“We haven’t drifted apart. I’m right here, hon.” He smiled, showing off the dimpled grin that had made me weak-kneed at our first meeting.
“If we haven’t drifted apart, then why does it feel as if we’re just going through the motions?” I said. “Can you deny that we don’t even communicate?” Sure, I knew relationships went through stages, passages, whatever you want to call them; that the adrenaline rush didn’t last forever. But I wasn’t ready to forfeit excitement for contentment. Not yet, anyway.
“We’re not drifting apart and we’re not going through the motions and we communicate as well as can be expected,” said Roger.
“As well as can be expected? What’s that supposed to mean?” I said, my stomach twisting as it always did when we fought.
He swatted the newspaper at some invisible bug. “Don’t put me on the defensive, Elizabeth. I hate when you do that.”
“Then tell me what you meant by that last remark.”
“Nothing. Let’s just forget I said it.”
I was about to argue that I couldn’t forget it and why should I forget it and once people say something it’s too late to take it back, but I heard the doorbell.
“There’s the car,” I said. “I’ve got to go. I’ll call you when I get to Seattle.”
“Right? Is that the best you can do? What if my plane crashes and ‘right’ turns out to be your final word to me? Is that your idea of communication, Roger? Is it? Because I remember a time when you said beautiful words to me — words full of poetry and depth and intimacy. What happened to them, huh? Tell me that, if you can.” I had become unhinged and it was unattractive of me, but the guy was making me nuts.
“Elizabeth.” Roger extended his hand to me.
“Because I don’t think you should leave like this.”
“How should I leave then?”
“By walking over here and letting me kiss you goodbye.”
Letting him — oh, well, why not, I figured, surprised and delighted that he was the one initiating the physical intimacy for a change. He had said “kiss,” so my assumption was that our lips would make contact and that our tongues might even get involved. For a couple who hadn’t had sex in months, that was pretty hot stuff.
“Roger,” I murmured, my voice softening, my body relaxing. I sidled up to him, rubbed his thigh, and puckered up.
“Travel safely, hon,” he said, then deposited a dry little peck on my cheek.
Yeah, on my cheek. How about that for heat, huh? Now, do you see what I’m talking about?
Where was the passion? The lust? The saliva? Where was the man who was so demonstrative when we were in the throes of our courtship? The man who claimed I turned him on, rang his chimes, lit his fire? The man who was so gallant, so chivalrous, so endearing the day he picked me up on that damn freeway? Was he still in there, still inside that body? Or had he been replaced by somebody’s old-fart uncle? He was only forty at that point — just two years my senior and hardly ready to be carted off to an assisted living facility, So where was the guy I married? How was I going to save him? How was I going to save us?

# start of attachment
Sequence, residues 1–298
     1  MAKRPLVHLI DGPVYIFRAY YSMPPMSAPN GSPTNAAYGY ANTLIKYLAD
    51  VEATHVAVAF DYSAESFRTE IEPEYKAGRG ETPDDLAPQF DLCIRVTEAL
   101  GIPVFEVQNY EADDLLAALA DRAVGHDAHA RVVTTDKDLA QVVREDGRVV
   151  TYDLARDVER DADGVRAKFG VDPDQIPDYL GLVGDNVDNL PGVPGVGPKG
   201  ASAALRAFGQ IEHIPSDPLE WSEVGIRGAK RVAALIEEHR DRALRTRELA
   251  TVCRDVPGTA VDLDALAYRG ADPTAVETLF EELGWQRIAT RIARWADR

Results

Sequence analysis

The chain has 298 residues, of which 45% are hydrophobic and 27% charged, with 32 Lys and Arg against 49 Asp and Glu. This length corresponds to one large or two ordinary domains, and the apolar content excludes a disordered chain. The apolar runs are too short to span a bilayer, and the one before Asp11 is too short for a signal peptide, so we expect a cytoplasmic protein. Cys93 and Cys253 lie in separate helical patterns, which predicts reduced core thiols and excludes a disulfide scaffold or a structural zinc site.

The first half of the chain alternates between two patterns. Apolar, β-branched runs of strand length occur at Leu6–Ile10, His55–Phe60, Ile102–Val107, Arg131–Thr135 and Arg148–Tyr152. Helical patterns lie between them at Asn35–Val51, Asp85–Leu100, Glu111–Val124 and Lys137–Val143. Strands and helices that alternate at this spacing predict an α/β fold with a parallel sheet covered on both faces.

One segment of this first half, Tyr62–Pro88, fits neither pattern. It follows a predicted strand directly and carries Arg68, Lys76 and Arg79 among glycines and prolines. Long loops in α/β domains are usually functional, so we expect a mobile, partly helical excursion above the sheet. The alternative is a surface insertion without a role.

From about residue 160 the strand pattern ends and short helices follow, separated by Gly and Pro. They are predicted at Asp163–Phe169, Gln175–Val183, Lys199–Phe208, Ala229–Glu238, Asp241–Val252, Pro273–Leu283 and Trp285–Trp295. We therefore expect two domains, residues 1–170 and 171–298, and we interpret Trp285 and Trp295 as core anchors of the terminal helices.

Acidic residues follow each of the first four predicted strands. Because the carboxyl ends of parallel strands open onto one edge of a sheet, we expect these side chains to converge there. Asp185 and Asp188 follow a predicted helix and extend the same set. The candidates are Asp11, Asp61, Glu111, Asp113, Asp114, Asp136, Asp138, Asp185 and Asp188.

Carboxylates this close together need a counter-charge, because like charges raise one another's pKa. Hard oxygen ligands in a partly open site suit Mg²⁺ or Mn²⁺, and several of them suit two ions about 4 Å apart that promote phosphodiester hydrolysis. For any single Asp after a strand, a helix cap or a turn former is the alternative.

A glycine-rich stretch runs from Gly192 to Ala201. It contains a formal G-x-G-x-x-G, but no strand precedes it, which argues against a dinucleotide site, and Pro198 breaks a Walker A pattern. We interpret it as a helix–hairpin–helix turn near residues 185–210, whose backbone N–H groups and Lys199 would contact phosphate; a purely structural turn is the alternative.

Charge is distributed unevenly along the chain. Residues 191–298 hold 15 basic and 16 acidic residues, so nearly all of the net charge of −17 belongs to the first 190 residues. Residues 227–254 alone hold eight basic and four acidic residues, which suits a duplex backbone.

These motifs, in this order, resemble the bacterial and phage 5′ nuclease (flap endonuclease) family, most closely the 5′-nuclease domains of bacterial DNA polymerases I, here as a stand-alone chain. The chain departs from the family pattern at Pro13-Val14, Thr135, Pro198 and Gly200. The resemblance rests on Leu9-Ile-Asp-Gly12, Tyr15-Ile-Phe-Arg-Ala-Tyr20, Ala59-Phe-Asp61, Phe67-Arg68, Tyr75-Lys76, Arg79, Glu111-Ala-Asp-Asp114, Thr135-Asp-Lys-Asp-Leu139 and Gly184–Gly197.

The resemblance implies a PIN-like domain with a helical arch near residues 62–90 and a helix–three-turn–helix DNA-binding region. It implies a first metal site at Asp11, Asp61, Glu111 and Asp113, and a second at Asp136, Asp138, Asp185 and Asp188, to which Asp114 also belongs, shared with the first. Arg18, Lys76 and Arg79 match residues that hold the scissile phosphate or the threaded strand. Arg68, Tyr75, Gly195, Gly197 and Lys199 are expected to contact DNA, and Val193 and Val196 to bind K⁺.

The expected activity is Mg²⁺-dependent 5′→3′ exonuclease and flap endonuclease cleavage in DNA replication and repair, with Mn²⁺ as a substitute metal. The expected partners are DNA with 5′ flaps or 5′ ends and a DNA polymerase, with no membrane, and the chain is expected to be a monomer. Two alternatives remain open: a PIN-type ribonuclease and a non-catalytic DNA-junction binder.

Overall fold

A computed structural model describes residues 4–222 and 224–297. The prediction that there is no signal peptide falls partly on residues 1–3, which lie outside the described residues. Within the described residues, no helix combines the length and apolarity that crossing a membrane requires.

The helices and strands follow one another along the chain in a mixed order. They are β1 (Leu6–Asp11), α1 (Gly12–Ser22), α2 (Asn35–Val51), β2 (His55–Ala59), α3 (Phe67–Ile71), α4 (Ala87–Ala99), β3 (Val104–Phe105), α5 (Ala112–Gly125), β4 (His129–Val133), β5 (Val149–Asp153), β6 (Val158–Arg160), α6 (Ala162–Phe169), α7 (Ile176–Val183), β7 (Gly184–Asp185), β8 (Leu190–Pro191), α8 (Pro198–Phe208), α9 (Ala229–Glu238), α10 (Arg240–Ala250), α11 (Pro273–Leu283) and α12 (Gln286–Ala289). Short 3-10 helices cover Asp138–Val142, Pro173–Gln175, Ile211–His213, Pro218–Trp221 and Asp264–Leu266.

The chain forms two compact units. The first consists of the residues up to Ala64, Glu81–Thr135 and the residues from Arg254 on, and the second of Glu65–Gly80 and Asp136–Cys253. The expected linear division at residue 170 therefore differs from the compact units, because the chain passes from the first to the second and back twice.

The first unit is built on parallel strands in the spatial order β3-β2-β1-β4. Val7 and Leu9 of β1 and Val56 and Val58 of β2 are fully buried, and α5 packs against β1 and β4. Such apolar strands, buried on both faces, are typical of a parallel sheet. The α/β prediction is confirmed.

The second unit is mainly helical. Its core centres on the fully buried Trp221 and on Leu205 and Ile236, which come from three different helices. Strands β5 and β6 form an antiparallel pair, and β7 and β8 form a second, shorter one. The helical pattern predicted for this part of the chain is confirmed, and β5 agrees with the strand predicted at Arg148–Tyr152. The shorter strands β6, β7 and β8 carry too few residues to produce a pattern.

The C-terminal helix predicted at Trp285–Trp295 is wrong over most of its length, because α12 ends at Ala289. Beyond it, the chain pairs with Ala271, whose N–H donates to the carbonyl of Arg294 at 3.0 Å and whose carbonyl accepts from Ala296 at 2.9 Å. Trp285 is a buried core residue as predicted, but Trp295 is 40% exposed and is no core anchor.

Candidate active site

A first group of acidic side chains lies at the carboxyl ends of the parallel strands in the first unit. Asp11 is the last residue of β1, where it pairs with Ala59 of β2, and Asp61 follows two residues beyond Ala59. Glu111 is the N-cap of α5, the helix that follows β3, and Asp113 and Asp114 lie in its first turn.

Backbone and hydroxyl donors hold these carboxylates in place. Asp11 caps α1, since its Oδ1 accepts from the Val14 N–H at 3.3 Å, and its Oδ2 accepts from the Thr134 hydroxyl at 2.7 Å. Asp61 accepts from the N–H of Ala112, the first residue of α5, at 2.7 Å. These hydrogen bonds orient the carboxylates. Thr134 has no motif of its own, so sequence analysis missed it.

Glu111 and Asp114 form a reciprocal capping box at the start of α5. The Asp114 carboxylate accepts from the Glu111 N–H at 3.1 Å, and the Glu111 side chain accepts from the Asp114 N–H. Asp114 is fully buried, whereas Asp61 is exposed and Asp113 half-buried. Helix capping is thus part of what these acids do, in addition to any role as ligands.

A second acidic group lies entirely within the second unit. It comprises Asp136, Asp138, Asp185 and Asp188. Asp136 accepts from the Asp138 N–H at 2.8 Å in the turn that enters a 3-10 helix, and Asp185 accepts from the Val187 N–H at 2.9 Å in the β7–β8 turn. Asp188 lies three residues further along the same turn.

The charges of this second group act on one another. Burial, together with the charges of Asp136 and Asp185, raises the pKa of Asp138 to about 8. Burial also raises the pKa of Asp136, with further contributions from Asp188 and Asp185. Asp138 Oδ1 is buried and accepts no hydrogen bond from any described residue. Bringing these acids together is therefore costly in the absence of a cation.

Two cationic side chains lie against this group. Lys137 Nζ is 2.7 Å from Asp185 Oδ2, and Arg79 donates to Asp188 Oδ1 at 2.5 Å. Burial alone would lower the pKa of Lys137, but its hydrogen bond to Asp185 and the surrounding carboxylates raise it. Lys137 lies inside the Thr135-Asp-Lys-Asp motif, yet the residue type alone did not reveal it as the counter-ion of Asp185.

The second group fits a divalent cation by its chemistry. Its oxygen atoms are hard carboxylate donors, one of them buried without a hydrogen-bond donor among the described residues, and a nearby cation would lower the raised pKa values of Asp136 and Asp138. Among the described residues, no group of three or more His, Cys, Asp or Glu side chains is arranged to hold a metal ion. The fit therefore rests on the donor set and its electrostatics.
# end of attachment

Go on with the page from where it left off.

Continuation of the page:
Every woman who’s ever been involved with a man has harbored the thought: If only he would change. It’s just the way we’re wired, just the way we look at love. We’re deliriously happy with him at the beginning of the romantic relationship, but then, ever so gradually, ever so scarily, we decide he needs to be fixed. But what if we get our wish and we do fix him? And what if it turns out that we were better off with the guy he was before we fixed him?Meet Elizabeth Baskin, who falls in love, gets married, and discovers six years into her union that the magic is gone – or, rather, fading. Her husband, Roger, has grown a paunch, lost interest in sex, and seems allergic to conversation. What’s a disgruntled wife to do? She could go into denial. She could drag him into therapy. Or she could take her sister’s advice and consult a certain Beverly Hills doctor who is spoken about in hushed, reverent tones – a doctor to Hollywood stars whose practice is, well, a bit unconventional. After scoring an appointment with the doc, Elizabeth is convinced that she’s found the secret ingredient to saving her marriage. It seems so simple, so innocent. All she has to do is slip the prescribed packet of miracle herbs into Roger’s orange juice and then – presto! – she’ll have him back the way he was before he started coming home from work and falling asleep in front of the television set!
Little does she know that her plan will go dramatically awry and that, instead of rekindling her romance with Roger, she will find herself stuck with a man she hardly recognizes and doesn’t even like. Suddenly, Elizabeth is breaking into the doctor’s office, running from the law, and teaming up with a transplanted Southern belle, all in a desperate attempt to restore Roger to his old, imperfect self. What she learns is that perfection – especially when it comes to husbands – is highly overrated. The question is: Does her revelation come too late? Filled with Jane Heller’s keen observations about relationships and her trademark sense of humor, The Secret Ingredient is another delicious novel of romance, suspense, and laughter.